(LifeSiteNews) — A Singapore prelate recently announced as a cardinal by Pope Francis, has stated that “everybody must somehow be embraced by the Church,” including those who are “divorced” and “LGBTQ.”
Speaking to Vatican News July 4, Cardinal-elect William Goh outlined his views on the Catholic Church, several weeks before he is due to received his red hat in the consistory of August 27, along with 20 other new cardinals.
Referencing the widespread numbers of “highly educated” people in Singapore, Goh noted that “people here have high expectations of priests, not just only in terms of their moral life, but in terms of their preaching and teaching.”
He also praised the “religious harmony” which exists in Singapore, saying that due to the heavy penalties for insulting other religions – including jail terms – “nobody insults the Catholics here.”
A key part of his interview came when Cardinal-elect Goh singled out aspects of Pope Francis’ pontificate which had stuck out to him. Goh highlighted Francis’ “compassion and inclusivity,” adding that “I think what the Church needs today is really compassion.”
Goh also stated that clerics, “especially priests and religious,” needed to show “more compassion for people who are weak, who are not able to live up to the teachings of the Church.”
Such “compassion” could be in the form of walking along a “journey with them” in the manner Francis proposes, “instead of being judgmental.”
“We are not perfect either,” said Goh, expanding on his call for compassion by urging a “realistic” interpretation of the Gospel.
I think the Gospel is the ideal of course. We cannot compromise the values of the Gospel, but at the same time we need to be realistic. We need to be compassionate, to feel with those who are struggling to live up to their faith.
“I like the Holy Father’s emphasis on compassion and inclusivity,” said Goh, before emphasizing this inclusion for the divorced and LGBT groups. “Everybody must somehow be embraced by the Church, whether those who are divorced, those who are LGBTQ, those who are on the peripheries, the poor. And I think this is what the Church is all about.”
Past opposition to LGBT lobby
Goh has previously faced backlash from the LGBT movement for comments he made opposing homosexuality. In a 2018 pastoral letter, Goh opposed a new law repealing the criminalization of homosexuality.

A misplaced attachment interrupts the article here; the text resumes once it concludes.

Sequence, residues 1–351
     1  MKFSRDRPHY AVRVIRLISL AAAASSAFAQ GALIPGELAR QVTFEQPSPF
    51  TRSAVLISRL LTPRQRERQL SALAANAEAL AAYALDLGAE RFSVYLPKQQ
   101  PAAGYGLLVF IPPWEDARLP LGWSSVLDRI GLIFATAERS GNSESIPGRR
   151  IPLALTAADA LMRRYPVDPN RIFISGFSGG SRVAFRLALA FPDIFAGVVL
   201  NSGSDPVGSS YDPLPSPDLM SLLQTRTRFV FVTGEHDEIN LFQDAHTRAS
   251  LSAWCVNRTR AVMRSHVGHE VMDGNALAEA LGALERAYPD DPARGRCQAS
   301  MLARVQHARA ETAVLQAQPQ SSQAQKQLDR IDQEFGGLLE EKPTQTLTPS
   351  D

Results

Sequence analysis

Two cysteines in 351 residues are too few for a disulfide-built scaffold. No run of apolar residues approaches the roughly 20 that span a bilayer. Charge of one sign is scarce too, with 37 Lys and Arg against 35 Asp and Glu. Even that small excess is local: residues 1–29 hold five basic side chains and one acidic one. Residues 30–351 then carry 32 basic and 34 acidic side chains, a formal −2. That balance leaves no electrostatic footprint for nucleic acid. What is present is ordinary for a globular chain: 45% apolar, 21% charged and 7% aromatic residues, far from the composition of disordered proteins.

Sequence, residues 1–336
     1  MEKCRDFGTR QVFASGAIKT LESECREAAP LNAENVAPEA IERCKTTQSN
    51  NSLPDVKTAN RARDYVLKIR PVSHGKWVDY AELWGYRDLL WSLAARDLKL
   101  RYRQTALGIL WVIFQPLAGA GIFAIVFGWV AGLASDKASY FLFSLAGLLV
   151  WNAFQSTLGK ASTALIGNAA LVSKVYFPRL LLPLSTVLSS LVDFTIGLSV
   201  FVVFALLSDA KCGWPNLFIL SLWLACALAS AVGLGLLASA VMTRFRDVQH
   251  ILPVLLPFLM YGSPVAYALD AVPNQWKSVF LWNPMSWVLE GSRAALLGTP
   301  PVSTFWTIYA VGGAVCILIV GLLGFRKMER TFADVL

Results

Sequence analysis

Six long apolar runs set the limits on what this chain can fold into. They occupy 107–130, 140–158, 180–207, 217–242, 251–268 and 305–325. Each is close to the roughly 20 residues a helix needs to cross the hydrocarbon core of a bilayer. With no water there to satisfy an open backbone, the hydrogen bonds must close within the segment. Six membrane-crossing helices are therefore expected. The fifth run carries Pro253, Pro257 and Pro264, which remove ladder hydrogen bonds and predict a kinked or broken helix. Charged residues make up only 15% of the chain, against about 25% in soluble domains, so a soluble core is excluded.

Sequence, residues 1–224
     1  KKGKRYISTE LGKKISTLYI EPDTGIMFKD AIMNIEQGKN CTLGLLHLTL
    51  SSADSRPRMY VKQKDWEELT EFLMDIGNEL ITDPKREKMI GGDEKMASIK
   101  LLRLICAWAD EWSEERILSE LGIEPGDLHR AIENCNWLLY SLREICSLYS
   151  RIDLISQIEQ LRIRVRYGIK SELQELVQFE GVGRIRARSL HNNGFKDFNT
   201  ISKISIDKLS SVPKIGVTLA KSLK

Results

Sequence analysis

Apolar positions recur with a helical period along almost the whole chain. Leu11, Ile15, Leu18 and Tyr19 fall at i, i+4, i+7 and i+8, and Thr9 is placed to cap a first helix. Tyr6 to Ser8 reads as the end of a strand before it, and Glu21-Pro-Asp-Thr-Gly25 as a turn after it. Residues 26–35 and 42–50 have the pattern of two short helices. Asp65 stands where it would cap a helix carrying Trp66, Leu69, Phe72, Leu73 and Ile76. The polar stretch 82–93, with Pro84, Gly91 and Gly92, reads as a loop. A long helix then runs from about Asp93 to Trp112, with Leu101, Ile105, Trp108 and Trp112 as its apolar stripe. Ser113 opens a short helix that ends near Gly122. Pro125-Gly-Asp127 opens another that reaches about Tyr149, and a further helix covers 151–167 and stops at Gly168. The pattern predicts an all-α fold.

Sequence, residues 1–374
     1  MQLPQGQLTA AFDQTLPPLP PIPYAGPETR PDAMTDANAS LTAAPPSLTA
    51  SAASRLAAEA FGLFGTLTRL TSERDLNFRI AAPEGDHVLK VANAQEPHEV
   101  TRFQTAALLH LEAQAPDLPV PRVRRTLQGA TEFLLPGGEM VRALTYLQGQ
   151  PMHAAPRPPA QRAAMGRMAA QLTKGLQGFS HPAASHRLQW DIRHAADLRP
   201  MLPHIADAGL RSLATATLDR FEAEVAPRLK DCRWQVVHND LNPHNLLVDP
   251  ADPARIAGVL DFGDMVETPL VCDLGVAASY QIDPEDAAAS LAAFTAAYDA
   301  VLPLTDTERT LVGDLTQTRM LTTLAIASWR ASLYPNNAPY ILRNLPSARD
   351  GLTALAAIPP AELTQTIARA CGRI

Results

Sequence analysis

“By accepting homosexual acts as a social norm, the dreadful consequences for the stability of our families, the well-being of our children, and the risks to the common good will be long-term and irreversible,” he wrote:
until and unless Parliament puts in place a formulation that more perfectly encapsulates the spirit of the law, guaranteeing the protection of the rights of the majority who favor the traditional family, and that no further demands be made to legalize same-sex unions, adoption of babies by same-sex couples, surrogacy, or to criminalize those who do not support the homosexual lifestyle, I am of the view that S377A should not be repealed under the present circumstances.
New cardinal echoing aspects of Synod on Synodality
Cardinal-elect Goh’s highlights of Pope Francis’ pontificate echo the key components of the current Synod on Synodality. The vademecum (handbook) for the multi-year event directs that dioceses should seek “maximum inclusion and participation, reaching out to involve the greatest number of people possible, and especially those on the periphery who are often excluded and forgotten.” (Emphasis original)
In addition to a great emphasis on “listening, dialogue,” the planned purpose for the Synod involves “sharing … conversion … being inclusive … journeying together … interreligious dialogue …” as well as addressing the “virus of self-sufficiency” and the “scourge of clericalism.”
However, such an emphasis on elements close to Pope Francis’ heart – synodality and “inclusivity” – are not surprising from Cardinal-elect Goh. Among his fellow prelates also due to be made cardinals at the end of August are a number of prominent advocates of LGBT ideology, female ordination, and opponents of the Church’s Tradition.